Friday, September 28, 2007

We charge extra for crazy.

While usually families come in a big package of crazy, on occasion I will come across a perfectly normal patient with a family that makes me use every tiny bit of self control to 1) not start yelling 2) not make fun of them, to their face and 3) not start laughing, again, to their face. Number 3 is usually the hardest and I am still working on that one.

In this story, my patient, Lindsay, came in for a labor check. She was taken to her room and I came in and put her on the monitor. She seems very sweet and while I can tell she is uncomfortable, she is handling herself well. At this point, I hadn't paid too much attention to her mother in the corner but as soon as she spoke up, I knew I was in for a long day.

I really wish I had an audio clip, because nothing I could type would really give the true impression of what we were dealing with but just try and picture that girl on Intervention that can barely spell her name at the beginning of the episode and frequently stumbles into walls. She is starts rambling about how she knows her daughter is really in labor this time, how she was really screaming earlier and something is wrong because she isn't screaming now, what's my name, that's her little girl, what's that monitor, please start screaming sweetie, something is wrong, her vaginal discharge looks different this time (what the hell?), please help her.

Yeah, that's what I was thinking. She really did me in when she got in her daughters face and told her she needed to scream and really act like she's in pain. This caused Lindsay, who was just two seconds ago sitting in bed calmly, to start screaming like she is being mauled by a Pitt Bull.

Now I need to step out of the room for a moment to take a few deep breaths of my own. I go up to the desk to fill out her out-patient orders and start praying she isn't really in labor. I wasn't out of her room for a full five minutes but that was all it took for a lovely surprise on my return. Her water broke. Damn, what are the odds? I go ahead and start her IV (with her mother screaming and literally trying to crawl up the wall in the background) and get her admitted.

Early into the morning, mom decides she needs to go out for a "smoke break". I take this opportunity to calm Lindsay down and have a talk with her about people who might be causing her anxiety in her room (i.e. we can kick them out for you). Unfortunately for me, and the rest of the floor, she wanted her mom there and we spent the rest of the day alternating between ear piercing screams and peace and quite while her mom was out "smoking".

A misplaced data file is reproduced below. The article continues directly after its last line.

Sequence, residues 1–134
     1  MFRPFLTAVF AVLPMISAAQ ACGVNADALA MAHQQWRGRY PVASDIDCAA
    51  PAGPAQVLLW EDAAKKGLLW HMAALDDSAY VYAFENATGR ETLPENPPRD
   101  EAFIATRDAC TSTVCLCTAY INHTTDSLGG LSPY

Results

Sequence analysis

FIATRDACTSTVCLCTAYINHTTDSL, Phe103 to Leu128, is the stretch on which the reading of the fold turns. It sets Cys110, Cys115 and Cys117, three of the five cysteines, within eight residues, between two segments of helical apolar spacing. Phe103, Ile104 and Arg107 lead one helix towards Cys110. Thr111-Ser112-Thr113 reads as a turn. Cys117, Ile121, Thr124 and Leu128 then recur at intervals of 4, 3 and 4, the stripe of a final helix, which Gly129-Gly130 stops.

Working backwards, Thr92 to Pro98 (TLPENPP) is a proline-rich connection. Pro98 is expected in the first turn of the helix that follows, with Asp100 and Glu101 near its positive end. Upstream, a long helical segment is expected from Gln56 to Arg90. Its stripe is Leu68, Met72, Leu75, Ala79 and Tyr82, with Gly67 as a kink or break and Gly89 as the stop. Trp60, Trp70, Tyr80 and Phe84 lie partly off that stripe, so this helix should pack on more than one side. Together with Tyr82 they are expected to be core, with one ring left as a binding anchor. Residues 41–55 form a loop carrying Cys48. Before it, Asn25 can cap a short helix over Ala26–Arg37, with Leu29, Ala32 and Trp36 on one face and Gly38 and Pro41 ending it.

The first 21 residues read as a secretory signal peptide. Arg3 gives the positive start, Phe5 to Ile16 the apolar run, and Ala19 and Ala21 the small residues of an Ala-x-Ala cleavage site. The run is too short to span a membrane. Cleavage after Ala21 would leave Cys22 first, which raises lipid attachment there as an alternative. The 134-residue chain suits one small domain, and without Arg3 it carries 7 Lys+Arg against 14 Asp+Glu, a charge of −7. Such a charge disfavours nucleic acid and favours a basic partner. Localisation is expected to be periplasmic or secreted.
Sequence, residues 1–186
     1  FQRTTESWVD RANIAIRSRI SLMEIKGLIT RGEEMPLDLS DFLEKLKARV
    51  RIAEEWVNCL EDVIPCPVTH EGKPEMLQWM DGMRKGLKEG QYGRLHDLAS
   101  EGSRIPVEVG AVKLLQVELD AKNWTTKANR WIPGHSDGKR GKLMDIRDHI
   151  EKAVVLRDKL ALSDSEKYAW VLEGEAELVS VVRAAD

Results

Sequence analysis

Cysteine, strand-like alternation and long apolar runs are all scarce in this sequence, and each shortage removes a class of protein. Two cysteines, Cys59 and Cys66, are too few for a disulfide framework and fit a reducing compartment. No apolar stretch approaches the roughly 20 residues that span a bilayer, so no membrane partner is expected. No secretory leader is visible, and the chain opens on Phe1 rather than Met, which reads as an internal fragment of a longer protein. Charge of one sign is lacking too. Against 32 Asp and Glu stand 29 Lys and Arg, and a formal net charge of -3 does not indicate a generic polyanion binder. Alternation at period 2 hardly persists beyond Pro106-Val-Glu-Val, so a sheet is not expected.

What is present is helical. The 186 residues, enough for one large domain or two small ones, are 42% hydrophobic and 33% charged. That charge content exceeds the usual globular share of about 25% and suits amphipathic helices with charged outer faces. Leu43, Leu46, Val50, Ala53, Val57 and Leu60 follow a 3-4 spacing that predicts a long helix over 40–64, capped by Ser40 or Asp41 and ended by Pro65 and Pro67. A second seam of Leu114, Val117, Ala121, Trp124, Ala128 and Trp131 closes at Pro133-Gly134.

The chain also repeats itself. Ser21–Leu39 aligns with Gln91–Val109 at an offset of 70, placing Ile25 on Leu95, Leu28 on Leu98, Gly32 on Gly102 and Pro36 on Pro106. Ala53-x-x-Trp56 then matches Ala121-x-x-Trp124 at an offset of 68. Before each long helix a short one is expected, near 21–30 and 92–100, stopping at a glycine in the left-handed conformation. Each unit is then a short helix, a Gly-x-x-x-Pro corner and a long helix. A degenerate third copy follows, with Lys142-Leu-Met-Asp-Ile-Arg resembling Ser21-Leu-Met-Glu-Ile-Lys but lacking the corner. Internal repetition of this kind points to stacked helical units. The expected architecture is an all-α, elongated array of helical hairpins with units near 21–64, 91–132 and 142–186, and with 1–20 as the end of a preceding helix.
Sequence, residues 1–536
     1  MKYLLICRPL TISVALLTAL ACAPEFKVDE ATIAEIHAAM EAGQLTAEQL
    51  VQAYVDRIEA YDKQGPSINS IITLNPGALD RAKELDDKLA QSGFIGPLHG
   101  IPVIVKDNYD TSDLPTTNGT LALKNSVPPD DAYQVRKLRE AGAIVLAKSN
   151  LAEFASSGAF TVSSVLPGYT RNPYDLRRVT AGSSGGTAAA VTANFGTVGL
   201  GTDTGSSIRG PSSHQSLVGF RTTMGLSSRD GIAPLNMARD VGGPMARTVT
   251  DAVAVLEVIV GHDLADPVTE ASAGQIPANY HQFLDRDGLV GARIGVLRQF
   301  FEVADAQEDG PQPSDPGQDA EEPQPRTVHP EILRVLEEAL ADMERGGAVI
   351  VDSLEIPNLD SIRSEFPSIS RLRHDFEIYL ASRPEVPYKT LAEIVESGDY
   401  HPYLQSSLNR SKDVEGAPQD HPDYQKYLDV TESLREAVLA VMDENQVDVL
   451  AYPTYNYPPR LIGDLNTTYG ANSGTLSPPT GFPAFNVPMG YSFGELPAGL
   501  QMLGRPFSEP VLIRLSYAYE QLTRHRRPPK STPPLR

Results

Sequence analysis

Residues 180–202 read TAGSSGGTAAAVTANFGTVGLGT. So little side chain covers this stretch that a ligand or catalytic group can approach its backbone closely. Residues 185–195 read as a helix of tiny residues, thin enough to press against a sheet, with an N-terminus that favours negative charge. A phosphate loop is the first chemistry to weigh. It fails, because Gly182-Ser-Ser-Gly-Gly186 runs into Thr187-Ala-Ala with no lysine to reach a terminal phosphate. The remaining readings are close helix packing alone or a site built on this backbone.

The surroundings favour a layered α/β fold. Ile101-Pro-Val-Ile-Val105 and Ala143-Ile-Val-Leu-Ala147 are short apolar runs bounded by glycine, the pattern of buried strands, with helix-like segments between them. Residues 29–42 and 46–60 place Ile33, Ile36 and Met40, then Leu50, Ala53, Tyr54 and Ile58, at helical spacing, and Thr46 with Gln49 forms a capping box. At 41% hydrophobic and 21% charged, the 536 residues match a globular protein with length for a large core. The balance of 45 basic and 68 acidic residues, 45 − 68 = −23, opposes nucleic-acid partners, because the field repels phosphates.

Finally, everyone had had enough and her doctor decides to let her get her epidural early. I boot the mom out of the room based on her reaction to me starting the IV earlier in the day. She was probably thankful for the opportunity to go smoke some more crack and I was glad for a few moments of quiet. The anesthesiologist comes in and gets started and I am feeling rather proud that I have managed to keep myself together for points 1, 2 and 3 mentioned above.

About halfway through the procedure, the door flies open (there is a sign on the door saying an epidural is in progress and please check at the nurses station) and her sister runs in, looking like she has some sort of drug induced mental disability, screaming, "SISTER!" with tears running down her face. All three of us look up and there is dead silence while everyone looks confused. I walk over to escort the sister out the door and point her towards the waiting room. "SISS-TER! SISS-TER!" she screams as I am backing her out the door. She is literally bawling, red faced and then reaches out dramatically with one hand and a final "SISS-TER!" before I manage to get the door shut.

That was it, I looked up and made eye contact with the anesthesiologist and we both lost it in a fit of hysterical giggles.


Rachel said...

OMG thats hilarious!!! I work in Emerg.....I wonder if we can charge extra for crazy too??? I'd be a millionaire!

MarsBar said...

ROFL! We should be able to charge extra for EACH crazy person in the room, patient or family member.

I think it is only fair.